Among the 18-44-year-old cohort, the preference was divided among other factors such as increased education on the security of digital identity verification and how data will be used, and being able to continue accessing and using essential services with the pandemic, among other concerns.

Meanwhile, IDC's research found businesses have much to gain when it comes to digital identity verification due to the prominence of fraud. This fraud includes impersonation, account takeover, spoofing, scams, a stolen identity, and other issues, and Araneta said getting digital identity verification right means businesses can fight fraud where it matters, and they can fight worsening fraud.

Financial institutions have procedures to deal with money laundering, terrorism financing, and similar risks known as KYC - or “know your customer.” According to IDC's research, 67.4% of fintech and payment organisations reported an estimated monetary loss of over $50K incurred due to fraudulent incidents in their KYC processes during 2020. 49.6% of fintech and payment companies said identity theft makes up 10-20% of fraud, with 20% saying it makes up 20-30% of fraud. Banks and financial services were similar with 37% reporting 10-20%, and 20.5% reporting 20-30%.

Digital identity verification methods can aid institutions in combatting such fraud, as well as provide consumer benefits. However, organisations still need to invest in gaining trust through increased and open communication around how data is stored and secured, and for what purposes it will be used.

IDC's key findings from the research were:

  • Australian customers on the verge of adopting more advanced digital identity verification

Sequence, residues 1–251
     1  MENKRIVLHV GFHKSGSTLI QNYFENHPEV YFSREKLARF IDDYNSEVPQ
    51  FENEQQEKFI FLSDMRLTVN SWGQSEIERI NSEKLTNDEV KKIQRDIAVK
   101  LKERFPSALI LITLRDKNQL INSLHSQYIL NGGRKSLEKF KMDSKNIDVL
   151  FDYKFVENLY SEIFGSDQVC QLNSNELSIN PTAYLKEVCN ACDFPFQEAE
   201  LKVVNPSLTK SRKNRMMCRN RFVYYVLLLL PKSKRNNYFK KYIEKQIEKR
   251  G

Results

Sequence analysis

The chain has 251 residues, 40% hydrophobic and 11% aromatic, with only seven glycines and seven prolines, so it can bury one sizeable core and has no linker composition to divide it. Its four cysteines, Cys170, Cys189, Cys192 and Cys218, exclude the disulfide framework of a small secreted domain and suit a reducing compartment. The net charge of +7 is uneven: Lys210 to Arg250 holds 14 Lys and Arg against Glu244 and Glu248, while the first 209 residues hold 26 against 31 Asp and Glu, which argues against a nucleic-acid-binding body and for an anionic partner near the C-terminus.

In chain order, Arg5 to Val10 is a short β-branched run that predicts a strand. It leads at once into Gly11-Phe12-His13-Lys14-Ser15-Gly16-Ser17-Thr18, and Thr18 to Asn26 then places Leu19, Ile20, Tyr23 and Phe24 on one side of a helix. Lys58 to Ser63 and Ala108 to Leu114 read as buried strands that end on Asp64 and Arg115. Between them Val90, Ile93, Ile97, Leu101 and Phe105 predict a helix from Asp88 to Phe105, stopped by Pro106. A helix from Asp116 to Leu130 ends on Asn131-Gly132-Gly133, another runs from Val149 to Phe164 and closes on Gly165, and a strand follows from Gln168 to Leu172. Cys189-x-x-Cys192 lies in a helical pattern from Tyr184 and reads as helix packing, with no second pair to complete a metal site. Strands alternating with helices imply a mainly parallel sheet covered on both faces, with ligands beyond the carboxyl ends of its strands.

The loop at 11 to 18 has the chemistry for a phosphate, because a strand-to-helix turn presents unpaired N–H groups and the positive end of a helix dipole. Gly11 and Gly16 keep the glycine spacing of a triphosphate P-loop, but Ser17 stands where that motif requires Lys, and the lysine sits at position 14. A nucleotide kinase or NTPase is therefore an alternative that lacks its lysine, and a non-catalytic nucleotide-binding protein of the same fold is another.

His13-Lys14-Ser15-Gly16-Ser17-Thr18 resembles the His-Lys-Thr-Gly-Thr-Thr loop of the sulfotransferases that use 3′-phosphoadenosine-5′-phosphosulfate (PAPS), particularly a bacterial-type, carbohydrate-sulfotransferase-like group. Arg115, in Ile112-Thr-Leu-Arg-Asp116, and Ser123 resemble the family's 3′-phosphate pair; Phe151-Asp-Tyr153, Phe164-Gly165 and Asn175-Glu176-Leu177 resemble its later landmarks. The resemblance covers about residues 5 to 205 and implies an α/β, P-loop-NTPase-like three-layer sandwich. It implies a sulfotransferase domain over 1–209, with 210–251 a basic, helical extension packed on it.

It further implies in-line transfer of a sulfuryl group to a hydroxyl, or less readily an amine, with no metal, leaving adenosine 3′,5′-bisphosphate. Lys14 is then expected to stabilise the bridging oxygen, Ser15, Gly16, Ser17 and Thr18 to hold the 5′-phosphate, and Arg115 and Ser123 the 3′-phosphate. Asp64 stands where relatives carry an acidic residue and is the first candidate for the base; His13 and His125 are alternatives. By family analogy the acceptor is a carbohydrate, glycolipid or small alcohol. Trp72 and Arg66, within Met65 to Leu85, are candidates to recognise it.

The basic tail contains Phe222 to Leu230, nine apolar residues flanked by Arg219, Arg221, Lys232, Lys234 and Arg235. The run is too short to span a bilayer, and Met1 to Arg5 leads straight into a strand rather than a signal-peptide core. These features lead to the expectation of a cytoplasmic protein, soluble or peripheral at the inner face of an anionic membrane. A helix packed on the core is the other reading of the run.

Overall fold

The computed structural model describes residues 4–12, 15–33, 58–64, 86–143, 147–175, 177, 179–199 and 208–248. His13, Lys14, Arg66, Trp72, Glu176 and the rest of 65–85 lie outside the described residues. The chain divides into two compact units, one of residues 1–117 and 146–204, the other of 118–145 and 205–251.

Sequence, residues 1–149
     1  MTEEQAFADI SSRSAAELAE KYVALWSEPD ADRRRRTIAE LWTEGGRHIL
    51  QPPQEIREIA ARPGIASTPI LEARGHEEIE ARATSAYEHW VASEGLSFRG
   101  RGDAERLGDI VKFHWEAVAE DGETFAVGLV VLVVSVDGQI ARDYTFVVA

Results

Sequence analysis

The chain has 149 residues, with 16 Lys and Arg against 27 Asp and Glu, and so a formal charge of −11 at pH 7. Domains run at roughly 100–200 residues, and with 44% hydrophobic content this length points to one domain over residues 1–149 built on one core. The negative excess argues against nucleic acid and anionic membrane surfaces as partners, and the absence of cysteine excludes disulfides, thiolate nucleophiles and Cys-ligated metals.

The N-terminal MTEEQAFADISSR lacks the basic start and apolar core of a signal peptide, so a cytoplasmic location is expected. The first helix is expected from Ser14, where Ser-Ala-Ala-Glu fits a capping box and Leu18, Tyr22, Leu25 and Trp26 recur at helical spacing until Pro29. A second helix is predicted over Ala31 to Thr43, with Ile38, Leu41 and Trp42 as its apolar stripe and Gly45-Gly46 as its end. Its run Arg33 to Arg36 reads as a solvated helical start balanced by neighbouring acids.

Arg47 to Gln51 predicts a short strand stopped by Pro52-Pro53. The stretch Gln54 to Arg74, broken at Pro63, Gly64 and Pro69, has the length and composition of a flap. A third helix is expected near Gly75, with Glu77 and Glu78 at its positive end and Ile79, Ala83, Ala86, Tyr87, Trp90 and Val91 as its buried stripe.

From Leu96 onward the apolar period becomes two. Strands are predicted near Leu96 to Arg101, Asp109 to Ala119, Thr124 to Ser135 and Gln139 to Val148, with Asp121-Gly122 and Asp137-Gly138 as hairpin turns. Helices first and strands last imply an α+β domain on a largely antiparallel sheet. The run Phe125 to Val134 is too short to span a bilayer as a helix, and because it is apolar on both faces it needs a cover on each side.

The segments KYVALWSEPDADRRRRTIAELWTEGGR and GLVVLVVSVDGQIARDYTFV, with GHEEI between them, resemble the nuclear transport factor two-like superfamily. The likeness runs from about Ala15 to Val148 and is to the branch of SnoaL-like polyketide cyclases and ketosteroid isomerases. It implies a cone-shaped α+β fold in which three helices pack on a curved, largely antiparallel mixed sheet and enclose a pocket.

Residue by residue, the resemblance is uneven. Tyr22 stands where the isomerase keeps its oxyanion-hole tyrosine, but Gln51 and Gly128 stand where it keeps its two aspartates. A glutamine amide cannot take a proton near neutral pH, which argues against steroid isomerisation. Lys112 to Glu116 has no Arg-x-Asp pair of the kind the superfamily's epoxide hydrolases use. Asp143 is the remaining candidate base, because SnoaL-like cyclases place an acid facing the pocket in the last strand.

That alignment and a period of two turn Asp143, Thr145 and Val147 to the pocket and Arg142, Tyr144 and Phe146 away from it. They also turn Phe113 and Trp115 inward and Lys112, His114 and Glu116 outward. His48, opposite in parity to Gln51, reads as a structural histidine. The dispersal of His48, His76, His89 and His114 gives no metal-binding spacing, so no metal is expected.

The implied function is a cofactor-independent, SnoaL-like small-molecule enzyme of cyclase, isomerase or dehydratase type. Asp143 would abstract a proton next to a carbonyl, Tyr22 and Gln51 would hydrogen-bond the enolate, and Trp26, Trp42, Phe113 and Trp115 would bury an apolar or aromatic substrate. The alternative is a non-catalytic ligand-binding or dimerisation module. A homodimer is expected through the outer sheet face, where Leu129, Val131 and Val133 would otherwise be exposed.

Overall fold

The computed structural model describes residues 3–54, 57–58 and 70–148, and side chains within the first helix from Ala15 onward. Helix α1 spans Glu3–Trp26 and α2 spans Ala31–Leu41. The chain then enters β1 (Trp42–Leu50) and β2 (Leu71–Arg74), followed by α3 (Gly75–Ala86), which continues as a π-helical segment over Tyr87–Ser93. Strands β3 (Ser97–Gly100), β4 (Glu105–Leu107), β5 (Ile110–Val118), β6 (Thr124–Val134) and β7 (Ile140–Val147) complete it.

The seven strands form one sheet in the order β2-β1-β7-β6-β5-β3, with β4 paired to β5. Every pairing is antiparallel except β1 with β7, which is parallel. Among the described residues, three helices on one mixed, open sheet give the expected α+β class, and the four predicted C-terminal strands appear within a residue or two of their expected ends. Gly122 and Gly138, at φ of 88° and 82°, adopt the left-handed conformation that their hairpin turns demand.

• Use is not preference is not trust - that is, using something doesn't imply it's the preference, nor does it imply trust, so simply tracking adoption is not in itself a measure of preference or trust
  • Biometrics and online digital identity verification are seen as the better way, leading to good customer experiences, speed and trust - and converting customers to this better way will be based on their experience
  • Customers can quickly change preferences
  • Businesses want to support the preferences of customers for a better way - but are overwhelmed with options
  • Regulatory mandates will accelerate the adoption of solutions
  • New capabilities in biometrics and online digital identity verification have emerged and an end-to-end value proposition is possible now
  • There is a link between digital identity verification and fraud reduction

 The IDC research was commissioned by GDG.

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David M Williams

David has been computing since 1984 where he instantly gravitated to the family Commodore 64. He completed a Bachelor of Computer Science degree from 1990 to 1992, commencing full-time employment as a systems analyst at the end of that year. David subsequently worked as a UNIX Systems Manager, Asia-Pacific technical specialist for an international software company, Business Analyst, IT Manager, and other roles. David has been the Chief Information Officer for national public companies since 2007, delivering IT knowledge and business acumen, seeking to transform the industries within which he works. David is also involved in the user group community, the Australian Computer Society technical advisory boards, and education.